It was clearly a warning, and it had to be an important one or they wouldn’t have put it on a card, but what was I supposed to do about it? I already knew that you had to be careful with dogs, that some of them did bite, but they’d usually bark first, or at least snarl, so you’d have a chance to run away. I also knew that you should never pet strange dogs, but if a dog looked friendly—if his tail was wagging—you could let him sniff you so he’d know who you were. But if there were dogs that didn’t bark before they bit you, and it was so dark that you couldn’t even see them, then what on earth could you do about them? Nothing that I could ever figure out.
From among my grandmother’s other sayings, her favorite was: “It’s a great life if you don’t weaken”—a motto so characteristic of her that my mother referred to it as “Mother’s remark.” I heard my grandmother say it countless times, and she believed it absolutely. If you weakened, life rolled over you and squashed you flat and destroyed you, so you had to maintain your firmness and your strength and your unshakable conviction of what was right and wrong that you learned somewhere back in the 1890s on the banks of the Ohio River, and my grandmother never did weaken. She lived to be nearly ninety-seven. In the last weeks of her life, she was struck by a grinding pain in her guts so severe that she cried out in the night. My mother sweet-talked their family doctor into making a house call. Hearing that the doctor was coming, my grandmother got up and got dressed, met the doctor in the living room and chatted as though it were a social visit. “Tell the doctor about your pain,” my mother said.
“What pain?” my grandmother said.
["The Old Gypsy Woman" is an excerpt from He Was a Good Dancer (memoir), scheduled for publication 2009, Thomas Allen, Publisher, Toronto. ©Copyright, Keith Maillard, 2008, all rights reserved. ]
They is many a way to mark a baby while it is still yet in the womb. A fright to its mother will render it nervous and fretful after it is birthed. If a copperhead strikes, a fiery red snake will be stamped on the baby's face or back. And a portentous event will violate a woman's entrails, grab a youngun by the ankle and wrench a life out of joint.
Me and Dillon Lloyd spoke of such things on the night Rondal was borned. It was eighteen and ninety, the year the railroad come in and took up the land, two year before the land was give out from under us to the coal company. Dillon seen it coming. We perched out on the hillside and spied for shooting s6tars, while Dillon told me how Rondal, his brother's first child, come into the world.
"Hit was fast for a first youngun, and the granny woman was too late. Clabe werent back from fetchin her down from Raven. Werent nary a soul to help birth him but me. He cried out when I smacked him but then he got real quiet. I held him up and he looked me right in the eye. Wouldn't look away. Them's blue eyes he's got, long and down-turned."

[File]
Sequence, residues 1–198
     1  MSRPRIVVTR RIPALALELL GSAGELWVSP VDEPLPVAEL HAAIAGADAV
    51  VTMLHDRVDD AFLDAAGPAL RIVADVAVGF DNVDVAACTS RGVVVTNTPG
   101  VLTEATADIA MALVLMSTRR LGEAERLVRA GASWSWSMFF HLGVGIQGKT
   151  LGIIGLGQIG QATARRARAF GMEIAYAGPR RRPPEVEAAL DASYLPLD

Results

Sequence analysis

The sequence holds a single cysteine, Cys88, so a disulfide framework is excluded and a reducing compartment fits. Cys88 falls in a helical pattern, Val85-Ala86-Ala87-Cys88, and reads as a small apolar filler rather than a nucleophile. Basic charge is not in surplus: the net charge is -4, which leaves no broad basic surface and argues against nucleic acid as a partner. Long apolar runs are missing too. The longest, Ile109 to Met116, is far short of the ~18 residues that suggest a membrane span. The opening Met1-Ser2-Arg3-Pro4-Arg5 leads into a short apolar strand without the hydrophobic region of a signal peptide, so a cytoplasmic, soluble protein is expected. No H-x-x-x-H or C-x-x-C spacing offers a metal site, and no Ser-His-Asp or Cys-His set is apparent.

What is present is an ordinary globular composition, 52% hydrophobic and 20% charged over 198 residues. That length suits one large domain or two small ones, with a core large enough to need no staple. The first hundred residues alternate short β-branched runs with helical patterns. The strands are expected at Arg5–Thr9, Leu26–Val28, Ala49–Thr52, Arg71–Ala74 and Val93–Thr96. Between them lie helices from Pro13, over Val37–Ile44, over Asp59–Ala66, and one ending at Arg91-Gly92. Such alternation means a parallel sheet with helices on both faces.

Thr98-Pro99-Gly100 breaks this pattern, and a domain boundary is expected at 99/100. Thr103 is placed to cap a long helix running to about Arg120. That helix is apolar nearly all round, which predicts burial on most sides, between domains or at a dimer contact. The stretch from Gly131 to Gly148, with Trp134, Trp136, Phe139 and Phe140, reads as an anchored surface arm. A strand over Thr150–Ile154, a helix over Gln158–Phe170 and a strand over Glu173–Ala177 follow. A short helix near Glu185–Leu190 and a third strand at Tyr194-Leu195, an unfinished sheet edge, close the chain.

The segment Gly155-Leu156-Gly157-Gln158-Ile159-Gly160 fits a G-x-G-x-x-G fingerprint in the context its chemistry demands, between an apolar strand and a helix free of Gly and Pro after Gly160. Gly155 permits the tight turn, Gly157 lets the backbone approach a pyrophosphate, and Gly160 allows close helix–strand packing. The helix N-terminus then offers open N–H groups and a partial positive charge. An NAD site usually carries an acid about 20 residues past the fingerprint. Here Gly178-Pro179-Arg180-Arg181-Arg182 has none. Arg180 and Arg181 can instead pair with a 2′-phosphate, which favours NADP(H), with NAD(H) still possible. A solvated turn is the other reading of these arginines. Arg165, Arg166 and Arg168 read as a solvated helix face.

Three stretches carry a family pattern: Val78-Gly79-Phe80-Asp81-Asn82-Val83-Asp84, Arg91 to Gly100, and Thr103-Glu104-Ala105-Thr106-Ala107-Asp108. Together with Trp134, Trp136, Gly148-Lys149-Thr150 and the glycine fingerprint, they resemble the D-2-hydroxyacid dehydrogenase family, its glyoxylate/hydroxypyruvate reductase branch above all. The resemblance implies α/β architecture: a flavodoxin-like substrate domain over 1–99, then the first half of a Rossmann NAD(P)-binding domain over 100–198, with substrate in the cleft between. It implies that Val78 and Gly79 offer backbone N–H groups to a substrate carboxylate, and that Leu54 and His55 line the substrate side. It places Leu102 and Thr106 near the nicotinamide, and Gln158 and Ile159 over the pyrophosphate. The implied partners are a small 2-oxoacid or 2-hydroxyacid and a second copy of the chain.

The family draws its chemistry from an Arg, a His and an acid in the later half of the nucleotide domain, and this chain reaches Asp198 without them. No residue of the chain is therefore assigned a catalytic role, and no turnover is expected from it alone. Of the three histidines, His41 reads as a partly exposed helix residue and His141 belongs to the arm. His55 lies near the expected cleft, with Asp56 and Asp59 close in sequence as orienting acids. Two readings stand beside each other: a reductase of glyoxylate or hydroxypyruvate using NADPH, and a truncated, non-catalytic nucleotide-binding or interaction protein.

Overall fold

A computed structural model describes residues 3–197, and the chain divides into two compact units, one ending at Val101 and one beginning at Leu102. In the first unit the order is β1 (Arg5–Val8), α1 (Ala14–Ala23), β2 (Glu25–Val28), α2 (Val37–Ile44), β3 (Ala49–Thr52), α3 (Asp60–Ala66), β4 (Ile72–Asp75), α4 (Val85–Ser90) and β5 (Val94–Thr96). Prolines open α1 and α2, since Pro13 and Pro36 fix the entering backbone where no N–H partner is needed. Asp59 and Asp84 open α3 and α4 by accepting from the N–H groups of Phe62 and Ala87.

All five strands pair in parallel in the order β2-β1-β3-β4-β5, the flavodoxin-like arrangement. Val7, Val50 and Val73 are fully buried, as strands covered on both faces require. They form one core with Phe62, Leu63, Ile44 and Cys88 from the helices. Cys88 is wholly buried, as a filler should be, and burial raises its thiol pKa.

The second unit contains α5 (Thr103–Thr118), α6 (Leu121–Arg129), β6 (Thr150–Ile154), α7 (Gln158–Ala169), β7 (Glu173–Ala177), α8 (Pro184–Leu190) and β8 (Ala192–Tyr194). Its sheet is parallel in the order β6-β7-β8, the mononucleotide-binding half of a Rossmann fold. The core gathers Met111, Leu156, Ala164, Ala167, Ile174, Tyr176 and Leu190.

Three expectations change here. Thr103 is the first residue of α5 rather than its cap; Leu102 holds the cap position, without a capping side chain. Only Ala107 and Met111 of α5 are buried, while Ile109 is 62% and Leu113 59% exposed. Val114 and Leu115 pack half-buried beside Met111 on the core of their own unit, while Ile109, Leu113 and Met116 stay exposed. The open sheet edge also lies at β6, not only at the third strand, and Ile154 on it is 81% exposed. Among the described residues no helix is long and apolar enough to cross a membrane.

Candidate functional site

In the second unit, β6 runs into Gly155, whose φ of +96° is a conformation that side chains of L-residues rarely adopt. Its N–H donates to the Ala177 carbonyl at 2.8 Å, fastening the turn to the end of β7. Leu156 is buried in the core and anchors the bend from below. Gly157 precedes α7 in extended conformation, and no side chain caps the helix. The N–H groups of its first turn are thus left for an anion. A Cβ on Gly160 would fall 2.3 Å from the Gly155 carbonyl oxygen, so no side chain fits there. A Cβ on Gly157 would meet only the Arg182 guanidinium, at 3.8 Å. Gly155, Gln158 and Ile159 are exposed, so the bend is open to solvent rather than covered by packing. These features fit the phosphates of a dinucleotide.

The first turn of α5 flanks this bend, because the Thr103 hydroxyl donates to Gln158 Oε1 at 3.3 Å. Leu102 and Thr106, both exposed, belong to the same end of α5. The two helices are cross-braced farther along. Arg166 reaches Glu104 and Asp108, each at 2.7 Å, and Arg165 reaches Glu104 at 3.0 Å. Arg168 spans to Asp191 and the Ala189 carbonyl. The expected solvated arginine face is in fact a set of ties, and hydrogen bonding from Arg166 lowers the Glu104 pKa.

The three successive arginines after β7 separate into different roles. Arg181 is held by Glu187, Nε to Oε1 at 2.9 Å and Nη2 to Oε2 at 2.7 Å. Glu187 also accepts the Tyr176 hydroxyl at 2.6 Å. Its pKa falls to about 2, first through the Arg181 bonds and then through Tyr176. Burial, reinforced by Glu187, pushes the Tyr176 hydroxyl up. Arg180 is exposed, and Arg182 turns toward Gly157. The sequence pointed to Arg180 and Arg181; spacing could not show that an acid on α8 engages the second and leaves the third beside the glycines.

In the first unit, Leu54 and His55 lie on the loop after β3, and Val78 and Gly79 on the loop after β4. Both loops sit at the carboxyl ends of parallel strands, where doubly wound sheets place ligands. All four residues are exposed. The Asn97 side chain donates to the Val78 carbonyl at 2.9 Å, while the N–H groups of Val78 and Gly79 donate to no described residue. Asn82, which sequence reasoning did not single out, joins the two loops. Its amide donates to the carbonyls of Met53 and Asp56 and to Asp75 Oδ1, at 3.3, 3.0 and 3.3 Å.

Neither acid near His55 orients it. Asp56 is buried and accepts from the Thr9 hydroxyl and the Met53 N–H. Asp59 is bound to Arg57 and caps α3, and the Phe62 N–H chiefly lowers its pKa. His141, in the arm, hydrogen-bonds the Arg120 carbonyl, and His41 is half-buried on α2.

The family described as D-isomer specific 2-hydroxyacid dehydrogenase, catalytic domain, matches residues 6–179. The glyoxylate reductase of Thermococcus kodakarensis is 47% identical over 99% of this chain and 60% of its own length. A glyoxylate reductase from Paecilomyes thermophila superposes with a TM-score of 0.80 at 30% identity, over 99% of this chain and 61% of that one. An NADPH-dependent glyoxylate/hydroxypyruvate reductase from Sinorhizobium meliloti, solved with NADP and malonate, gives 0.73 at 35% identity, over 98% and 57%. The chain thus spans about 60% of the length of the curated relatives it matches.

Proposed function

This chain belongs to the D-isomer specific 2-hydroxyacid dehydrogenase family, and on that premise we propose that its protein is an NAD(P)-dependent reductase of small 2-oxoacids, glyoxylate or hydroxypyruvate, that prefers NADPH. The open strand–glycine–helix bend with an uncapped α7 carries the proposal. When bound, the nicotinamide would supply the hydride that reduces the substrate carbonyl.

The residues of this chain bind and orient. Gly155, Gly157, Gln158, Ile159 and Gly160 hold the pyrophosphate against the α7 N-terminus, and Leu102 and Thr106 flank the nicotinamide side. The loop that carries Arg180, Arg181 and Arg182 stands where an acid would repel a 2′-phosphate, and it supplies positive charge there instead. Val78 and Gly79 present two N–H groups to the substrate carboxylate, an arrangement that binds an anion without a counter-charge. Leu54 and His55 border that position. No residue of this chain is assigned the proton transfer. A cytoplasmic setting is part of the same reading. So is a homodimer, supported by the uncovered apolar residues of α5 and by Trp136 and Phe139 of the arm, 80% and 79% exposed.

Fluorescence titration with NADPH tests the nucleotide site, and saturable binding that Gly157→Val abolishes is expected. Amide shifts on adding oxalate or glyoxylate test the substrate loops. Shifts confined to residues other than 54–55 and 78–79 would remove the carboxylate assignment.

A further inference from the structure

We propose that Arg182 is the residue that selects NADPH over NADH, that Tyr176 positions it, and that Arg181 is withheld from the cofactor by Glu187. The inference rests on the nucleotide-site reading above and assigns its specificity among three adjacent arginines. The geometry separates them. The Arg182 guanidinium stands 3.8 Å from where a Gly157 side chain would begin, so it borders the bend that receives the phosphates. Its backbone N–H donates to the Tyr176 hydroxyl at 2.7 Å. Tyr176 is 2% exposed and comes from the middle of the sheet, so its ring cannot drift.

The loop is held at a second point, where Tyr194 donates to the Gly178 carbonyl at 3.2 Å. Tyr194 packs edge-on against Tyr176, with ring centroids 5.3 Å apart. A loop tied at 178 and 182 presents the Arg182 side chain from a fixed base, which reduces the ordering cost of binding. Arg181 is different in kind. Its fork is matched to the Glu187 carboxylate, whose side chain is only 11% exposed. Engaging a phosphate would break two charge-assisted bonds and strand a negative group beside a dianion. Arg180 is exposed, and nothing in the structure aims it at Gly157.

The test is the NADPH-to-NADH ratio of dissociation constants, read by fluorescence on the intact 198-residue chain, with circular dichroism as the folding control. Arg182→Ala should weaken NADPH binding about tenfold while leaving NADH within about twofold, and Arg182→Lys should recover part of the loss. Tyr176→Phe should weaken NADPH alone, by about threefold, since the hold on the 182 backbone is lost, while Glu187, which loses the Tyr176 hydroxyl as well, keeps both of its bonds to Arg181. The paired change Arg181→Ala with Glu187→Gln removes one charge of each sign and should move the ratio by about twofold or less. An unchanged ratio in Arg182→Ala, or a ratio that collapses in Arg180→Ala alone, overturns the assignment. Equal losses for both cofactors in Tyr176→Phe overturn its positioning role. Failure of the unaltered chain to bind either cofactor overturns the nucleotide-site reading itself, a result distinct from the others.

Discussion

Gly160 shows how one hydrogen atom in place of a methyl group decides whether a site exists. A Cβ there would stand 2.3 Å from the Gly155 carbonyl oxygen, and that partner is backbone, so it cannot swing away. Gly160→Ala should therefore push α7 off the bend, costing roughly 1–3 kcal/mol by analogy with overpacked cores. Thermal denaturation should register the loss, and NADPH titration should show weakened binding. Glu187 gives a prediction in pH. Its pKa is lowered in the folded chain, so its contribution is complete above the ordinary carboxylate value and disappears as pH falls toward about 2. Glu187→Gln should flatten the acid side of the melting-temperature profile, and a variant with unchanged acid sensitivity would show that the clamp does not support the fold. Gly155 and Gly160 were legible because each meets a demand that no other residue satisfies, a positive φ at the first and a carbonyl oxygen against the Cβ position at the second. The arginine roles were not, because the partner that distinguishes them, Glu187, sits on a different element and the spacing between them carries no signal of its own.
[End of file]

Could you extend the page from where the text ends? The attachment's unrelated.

Dillon carved on a slab of hickory, fashioning the slender neck of a banjo for the baby. I caught curls of wood as they fell and flung them out into the moonlight.
"How do you know he's goin to take to the banjer?" I asked. "Maybe he ain't got the gift like you."
"I seen them hands. That one will be a picker. Them fingers was curved and he was moving them back and forth slow like. He's goin to love the feel of this here neck. And the strings will be soft. I'll git the guts from that old tabby in the barn. And I'll tan its hide for the head. Hit' too old to mouse these days."
"How can you pick on them strings when you know where they come from?"
"Don't bother me none. I wisht I could be put to some use when I die, stead of moulderin in the ground. My skin for a banjer, my bones for a scythe or a flail to clear paths in this here world."
I loved to hear him talk that way. Dillon Lloyd was always a free-talking man. He lived alone in a cabin back up on the hill from his brother Clabe. They worked the land together, one hundred acres at the mouth of Trace. Dillon's thick black hair hung down between his shoulder blades like an Indian's. People said that he had the second sight, that he could set the Evil Eye on a body. He went abroad at night, not hunting, just walking. Vernie, Clabe's wife, was scared of him. Dillon laughed at her behind her back.
When my papaw could spare me from chores, I rode my mule up Blackberry Creek to the Lloyd homeplace and spent the night. Dillon took me out after dark, coon hunting or bull-frogging, or maybe just walking. Later I'd lie alone in the loft of his cabin. The summer breeze would rush through the window and rustle the bedclothes, bearing the flailing of his banjo like the sound of the river running yonder.